Unemployment benefits vary by state, but the process is similar in all states. An unemployed individual applies to the state unemployment commission for weekly benefits. The unemployment commission verifies the information by forwarding the claim to the last employer. The last employer can question the claim. State regulations determine if the person qualifies. The claimant may appeal a denied claim. The adjudication hearing or interview gives the applicant an opportunity to present his case for a contested claim or a denied claim. Adjudication is the legal process for settling the dispute.
An unemployed person must apply for unemployment benefits; claims are not automatic. Some states have an online application process. You may be able to complete the entire application online, or you may appear in person for completion of the process. States often require attendance at a general benefits education seminar so you know the rules and details of how to receive your benefits.
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Unemployment must arise through no fault of your own. Layoffs as a result of lack of work are not your fault. You must have approximately 18 months of employment prior to unemployment to qualify for benefits, and the unemployment office bases your benefit award calculation on prior employment income. You must complete the requirements of the state office, including signing that the information you provide is true. States can pursue perjury claims or require repayment of unemployment benefits if the claimant provides false information.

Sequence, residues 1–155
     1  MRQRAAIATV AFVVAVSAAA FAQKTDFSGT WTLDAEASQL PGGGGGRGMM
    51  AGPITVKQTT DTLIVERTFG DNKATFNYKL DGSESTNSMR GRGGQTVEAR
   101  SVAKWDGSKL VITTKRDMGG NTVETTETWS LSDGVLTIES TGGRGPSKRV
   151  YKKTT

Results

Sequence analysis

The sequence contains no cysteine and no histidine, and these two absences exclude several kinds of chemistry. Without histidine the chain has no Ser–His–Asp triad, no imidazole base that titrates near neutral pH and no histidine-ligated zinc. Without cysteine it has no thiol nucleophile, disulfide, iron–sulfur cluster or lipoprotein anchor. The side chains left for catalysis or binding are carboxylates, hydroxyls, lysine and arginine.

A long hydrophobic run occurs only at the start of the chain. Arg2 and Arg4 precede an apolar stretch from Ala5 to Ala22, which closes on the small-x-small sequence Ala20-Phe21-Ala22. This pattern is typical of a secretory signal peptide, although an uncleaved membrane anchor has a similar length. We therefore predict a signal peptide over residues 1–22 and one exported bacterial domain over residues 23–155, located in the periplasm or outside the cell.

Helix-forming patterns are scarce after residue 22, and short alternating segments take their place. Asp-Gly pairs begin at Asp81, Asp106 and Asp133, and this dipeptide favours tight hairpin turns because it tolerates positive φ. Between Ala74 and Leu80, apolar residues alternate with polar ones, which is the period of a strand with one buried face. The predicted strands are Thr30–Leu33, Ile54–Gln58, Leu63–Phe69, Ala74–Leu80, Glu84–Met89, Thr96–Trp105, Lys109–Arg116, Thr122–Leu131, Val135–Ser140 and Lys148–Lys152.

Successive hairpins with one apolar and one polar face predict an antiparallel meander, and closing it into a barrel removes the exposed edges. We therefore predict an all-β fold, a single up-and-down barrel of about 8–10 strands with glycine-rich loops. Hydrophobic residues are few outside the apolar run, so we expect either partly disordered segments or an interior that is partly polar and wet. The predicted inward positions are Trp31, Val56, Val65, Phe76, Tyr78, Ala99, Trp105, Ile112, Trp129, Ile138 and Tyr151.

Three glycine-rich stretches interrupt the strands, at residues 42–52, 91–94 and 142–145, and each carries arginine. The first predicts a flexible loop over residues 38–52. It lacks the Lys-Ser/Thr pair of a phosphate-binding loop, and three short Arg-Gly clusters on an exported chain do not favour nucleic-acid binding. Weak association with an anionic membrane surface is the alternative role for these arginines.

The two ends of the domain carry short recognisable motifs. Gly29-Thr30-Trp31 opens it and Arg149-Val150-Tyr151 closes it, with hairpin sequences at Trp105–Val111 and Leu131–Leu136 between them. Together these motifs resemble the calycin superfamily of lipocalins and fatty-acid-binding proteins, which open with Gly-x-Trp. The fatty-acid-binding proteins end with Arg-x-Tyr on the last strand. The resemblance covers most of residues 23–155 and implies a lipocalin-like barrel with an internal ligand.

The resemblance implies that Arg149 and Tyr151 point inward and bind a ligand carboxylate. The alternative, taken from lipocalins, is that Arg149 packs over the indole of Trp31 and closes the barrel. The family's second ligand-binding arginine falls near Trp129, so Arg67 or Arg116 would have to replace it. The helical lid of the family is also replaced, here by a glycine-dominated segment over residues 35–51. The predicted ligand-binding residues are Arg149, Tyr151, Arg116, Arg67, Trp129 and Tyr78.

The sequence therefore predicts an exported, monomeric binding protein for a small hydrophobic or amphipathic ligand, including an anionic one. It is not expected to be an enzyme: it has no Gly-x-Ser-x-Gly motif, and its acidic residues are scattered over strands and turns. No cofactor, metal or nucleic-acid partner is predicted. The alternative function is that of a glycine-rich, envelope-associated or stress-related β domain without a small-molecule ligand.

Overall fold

The unemployment office sends written notice to you if a previous employer contests your claim. The unemployment office has not granted or denied benefits at this point, but is on a fact-finding mission. You will receive a hearing date or adjudication interview date for review of your claim. You must attend this hearing conducted by a state adjudication officer or administrative law judge. Your previous employer will send a manager or similar employee to present the employer's case. You present your case, expressing your understanding of your dismissal from employment. You have an opportunity to relate the facts and evidence with paperwork supporting your claim that your unemployment is not your fault. The adjudication officer makes a determination on the non-monetary issues of your claim.
The appeal of unemployment benefits denial may also require an adjudication interview or hearing. If the state unemployment office denies benefits for insufficient work history, failure to look for work or similar reason, you may choose to accept the decision or appeal. Unlike a claim contested by the employer, you must initiate the appeal of the denial of the claim. Once you file an appeal, the unemployment office assigns the case to an administrative law judge or adjudication officer and sets a hearing or interview date. You appear on the scheduled date to defend your right to claim benefits. The judge makes a decision on the facts, granting or denying unemployment benefits. You can appeal from this ruling as well, but the appeal goes to an actual court outside the unemployment commission for a decision.